A wild offseason in the NBA got even crazier last Thursday when the Houston Rockets traded Chris Paul, two first-round draft picks and two more pick swaps to the Oklahoma City Thunder for Russell Westbrook.
This is a stunner, a deal that will make an improved Western Conference even more compelling. It’s not often that you see two superstars and future Hall of Famers traded for one another in sports.
Paul and Westbrook are two of the most dynamic and polarizing guards in the game, making this one of the most fascinating swaps in league history — on top of all the dramatic free agent moves this summer.
The big winner here? Some suggest it’s the Rockets and general manager Daryl Morey, who unloaded Paul, a fading, 34-year-old superstar seen as a bad teammate who couldn’t co-exist with James Harden.
The Rockets now have the two recent MVPs in the same backcourt. Westbrook won Most Valuable Player in 2017 and has averaged a triple-double three years in a row. Harden won MVP in 2018 and has led the league in scoring two years in a row.
I don’t see it as any great coup for Houston, which now has two of the more overrated players in the sport in the same backcourt. Oh, Westbrook and Harden will put on a show, ringing up triple-doubles and gaudy statistics and getting plenty of national TV time, but they have rarely played at their top level when it really mattered, in big playoff games.
How does this make the Rockets appreciably better? If Harden couldn’t play nice with Paul, how will he thrive with Westbrook, a player who has never played off the ball and demands it in his hands. This isn’t Kevin Durant blending in with Steph Curry and Klay Thompson, it’s two notorious gunners trying to win together.
It won’t work, not in the playoffs when it becomes more of a half-court game and you can’t rely on the 3-point shot and ball-hogging guards to carry you. Ask the Warriors, who struggled without Durant in the Finals, or the Rockets, who fell short two years in a row when a team built around Harden fell on its face in the clutch against Golden State — this time with Durant out.
Westbrook is a terrible 3-point shooter, statistically the least accurate of any player who shot a significant number last season. He has shot under 30 percent from behind the arc in four of the last five seasons. But he hasn’t stopped firing them up. He’s even worse in the playoffs.
The Thunder have lost in the first round three years in a row since Durant left, making Westbrook the clear focus of the offense. In those three playoffs, Westbrook shot 38 percent. He had games of 11 for 31 5-21, 5-20 5-17, 6-23 and 10-28 in playoff losses.
Westbrook is a flawed star, albeit a relentless competitor who puts his body on the line on a nightly basis. But he’s 30 and has taken a bigger pounding than most players his age. He and Harden will both be over 30 next season. They’re in their late primes.
This deal smacks as desperation by a Rockets franchise that was embarrassed in the playoffs this past season and needs to win right away, to counter what the Clippers and Lakers have done and take advantage of the Warriors falling back while Harden is still on top of his game.
The Rockets also need to justify the flawed basketball vision of coach Mike D’Antoni, whose contract extension is evidently no longer perceived as a priority by upper management in Houston.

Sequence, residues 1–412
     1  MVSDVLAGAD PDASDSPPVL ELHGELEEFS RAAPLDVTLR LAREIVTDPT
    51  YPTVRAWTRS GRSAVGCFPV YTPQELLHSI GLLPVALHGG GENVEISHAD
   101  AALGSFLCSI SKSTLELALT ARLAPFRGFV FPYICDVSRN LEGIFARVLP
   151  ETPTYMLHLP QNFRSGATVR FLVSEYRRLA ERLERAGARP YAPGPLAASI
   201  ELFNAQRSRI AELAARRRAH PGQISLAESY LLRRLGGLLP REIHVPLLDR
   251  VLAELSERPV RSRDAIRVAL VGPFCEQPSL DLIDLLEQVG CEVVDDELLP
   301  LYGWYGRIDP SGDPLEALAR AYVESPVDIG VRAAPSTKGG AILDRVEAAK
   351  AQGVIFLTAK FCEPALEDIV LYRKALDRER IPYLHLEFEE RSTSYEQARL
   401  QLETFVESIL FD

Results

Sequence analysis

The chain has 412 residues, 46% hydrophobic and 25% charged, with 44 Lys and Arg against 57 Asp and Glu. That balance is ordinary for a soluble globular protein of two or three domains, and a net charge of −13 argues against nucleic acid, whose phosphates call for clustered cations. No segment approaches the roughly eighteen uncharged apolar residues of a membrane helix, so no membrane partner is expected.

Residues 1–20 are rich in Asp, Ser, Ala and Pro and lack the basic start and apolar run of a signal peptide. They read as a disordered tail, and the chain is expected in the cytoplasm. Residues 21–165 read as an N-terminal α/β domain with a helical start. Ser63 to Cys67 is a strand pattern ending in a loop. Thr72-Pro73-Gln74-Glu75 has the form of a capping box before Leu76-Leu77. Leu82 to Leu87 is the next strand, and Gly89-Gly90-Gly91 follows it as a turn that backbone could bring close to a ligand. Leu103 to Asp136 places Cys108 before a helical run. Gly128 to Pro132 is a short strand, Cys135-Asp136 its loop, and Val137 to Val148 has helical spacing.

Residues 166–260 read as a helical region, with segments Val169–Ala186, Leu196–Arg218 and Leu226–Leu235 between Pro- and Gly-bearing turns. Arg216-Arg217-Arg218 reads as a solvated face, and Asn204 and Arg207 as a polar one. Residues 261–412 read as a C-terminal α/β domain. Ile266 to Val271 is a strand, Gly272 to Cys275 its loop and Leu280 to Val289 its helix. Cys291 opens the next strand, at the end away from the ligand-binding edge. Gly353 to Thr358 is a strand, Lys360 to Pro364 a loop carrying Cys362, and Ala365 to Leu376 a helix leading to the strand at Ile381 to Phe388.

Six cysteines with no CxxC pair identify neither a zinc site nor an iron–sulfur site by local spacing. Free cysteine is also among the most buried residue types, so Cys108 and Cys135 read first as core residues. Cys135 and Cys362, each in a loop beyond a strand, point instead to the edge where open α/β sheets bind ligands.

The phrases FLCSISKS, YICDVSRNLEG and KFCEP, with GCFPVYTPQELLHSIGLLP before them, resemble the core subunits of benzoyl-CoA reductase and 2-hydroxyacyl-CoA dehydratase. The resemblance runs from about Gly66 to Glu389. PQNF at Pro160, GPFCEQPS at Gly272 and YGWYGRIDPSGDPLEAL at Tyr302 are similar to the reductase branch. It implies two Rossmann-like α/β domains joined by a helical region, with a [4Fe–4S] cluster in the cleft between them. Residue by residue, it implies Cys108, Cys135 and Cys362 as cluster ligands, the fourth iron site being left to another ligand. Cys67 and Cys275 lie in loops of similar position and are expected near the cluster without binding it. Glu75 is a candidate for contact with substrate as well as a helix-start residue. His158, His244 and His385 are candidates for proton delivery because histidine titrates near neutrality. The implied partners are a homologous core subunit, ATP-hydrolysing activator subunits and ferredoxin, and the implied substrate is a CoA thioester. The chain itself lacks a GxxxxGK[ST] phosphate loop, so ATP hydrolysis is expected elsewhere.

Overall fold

I think it’s a house of cards, ready to crumple. Paul has never made the Finals and isn’t a great teammate, but he’s a better all-around player than Westbrook. How does this make Houston better? The Lakers and Clippers are better. I think the Nuggets and Blazers are better. In a playoff series, I’d still take the Warriors with Curry and Klay Thompson and Draymond Green.
The Thunder are the winner here. They were ready to rebuild after Paul George demanded a trade to join Kawhi Leonard with the Clippers. They were happy to unload Westbrook, who has $170 million left on his contract. GM Sam Presti has now picked up eight future first-round picks this offseason. Oklahoma City could wheel Paul and picks for even more assets that will make them a contender down the road.
The Thunder made the Finals seven years ago with Harden, Durant and Westbrook. They haven’t been back. They chose to keep Westbrook over Harden after the ’12 Finals, a mistake in retrospect. They watched Durant walk away to the Warriors three years ago. Now the last of the Big Three is gone, and they’re still waiting for their first title. But at least they’ve made the wise decision to move on from Westbrook, the statistical superstar.
I could see the Rockets missing the playoffs. Think about it: The Warriors will make it. So will the Lakers and Clippers. Denver and Portland are playoff teams. Utah is a solid playoff team that could ascend to the top four. That’s six. I’d never rule out the Spurs. The Pelicans are a threat with Zion Williamson.
Westbrook-Harden is an experiment that could blow up in the Rockets’ faces. Westbrook might get frustrated deferring to Harden and playing off the ball. The Rockets shoot more 3s than any team and he’s a bad 3-point shooter. He takes a lot of bad shots and that isn’t likely to change. Westbrook had Paul George and couldn’t get out of the first round. You could argue that George is a more complete player than Harden.
I’m sure TNT and ESPN will inundate us with Houston games next season, because fans can’t get enough of Westbrook’s triple-doubles and Harden’s 3-point barrages and 50-point performances. Come next spring, when LeBron James and Leonard and Nikola Jokic are winning in the playoffs, they’ll be reminded that it’s a show that doesn’t work when the lights are at their brightest — in the playoffs.
Jerry Sullivan is a sports columnist with over 30 years experience in Western New York, as well as the host of The Jerry Sullivan Show from 9 a.m.-12 p.m. weekdays on 1270 AM The Fan. Follow him on Twitter @ByJerrySullivan or respond via email at email@example.com.